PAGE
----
Away from the Internet. I haven’t been reading blogs and evidently I haven’t been writing my own. I normally search out and devour what people are writing, but recently it seemed too much like hard work. I still had the appetite for keeping on top of what’s being written, but I lacked the will to forage and feed.
Seven days mountain biking might have been a holiday well away from computers, but as well as the obvious physical demands, hammering down Alpine mountain sides takes its toll on the mind too. There’s some fairly major concentration involved, both conscious and sub-conscious. Immediately follow that by 2 weeks intense pressure to finish a project for a ‘big’ client and I guess you have a recipe for burnout, even over that short period of time.
Well I think I’m back. Friends have stopped saying I look tired and I’ve returned to the swing of things, so what have I missed? (Obviously these may be old news to some of you.)
One of the most impressive sites for some time has to be Todd Dominey’s PGA Open Championship. Beautiful, engaging design, shining examples of how and when to use Flash to enhance a page. Immaculate typography throughout and of course XHTML+CSS under the hood. Someone somewhere said they didn’t think much of the design because it was too grey. Which is like saying you don’t rate Ferraris because they are red – completely ignoring the inherent beauty and engineering prowess.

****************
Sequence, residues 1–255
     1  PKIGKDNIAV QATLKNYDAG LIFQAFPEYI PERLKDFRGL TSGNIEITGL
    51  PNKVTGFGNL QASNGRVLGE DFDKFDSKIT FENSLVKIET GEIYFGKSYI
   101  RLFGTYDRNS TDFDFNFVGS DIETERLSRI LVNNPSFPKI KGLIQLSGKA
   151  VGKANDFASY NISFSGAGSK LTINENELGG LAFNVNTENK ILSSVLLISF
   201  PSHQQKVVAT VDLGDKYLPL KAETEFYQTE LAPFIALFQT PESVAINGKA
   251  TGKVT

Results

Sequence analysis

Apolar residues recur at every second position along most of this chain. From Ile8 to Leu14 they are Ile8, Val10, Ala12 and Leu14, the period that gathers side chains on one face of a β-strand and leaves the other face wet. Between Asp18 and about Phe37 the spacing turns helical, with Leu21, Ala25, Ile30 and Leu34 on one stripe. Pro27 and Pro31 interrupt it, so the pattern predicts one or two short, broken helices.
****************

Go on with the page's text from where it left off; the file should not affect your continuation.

Also just in is Phantom Power, the new album from Super Furry Animals – Wales’s finest band and one of Britain’s shiniest jewels in the diadem of popular music. Like Rings Around the World before it, Phantom Power is available as a DVD and immaculately pressed vinyl, supplemented by a terrific Web site.
Pixelsurgeon interviews Super Furry Gruff Rhys, who explains why the album has a more conventional, acoustic sound then its predecessors.
Pixelsurgeon itself has also been redesigned. The new look is cleaner and more elegant than before, crucially retaining the refined typography. We have lost the section colour coding though, which was done so well in the previous incarnation. So it looks great, but for a new site it’s underlying code is pretty ropey. There’s am XHTML doctype but it doesn’t come close to validating. The layout is done with tables and the Super Furries interview is contained in one giant paragraph, with double
<b> tags. A definition list would have made much more sense, or at least a bunch of separate paragraphs. I suspect the problem lies in a crude CMS, but either way the end product could do with tidying up under the hood.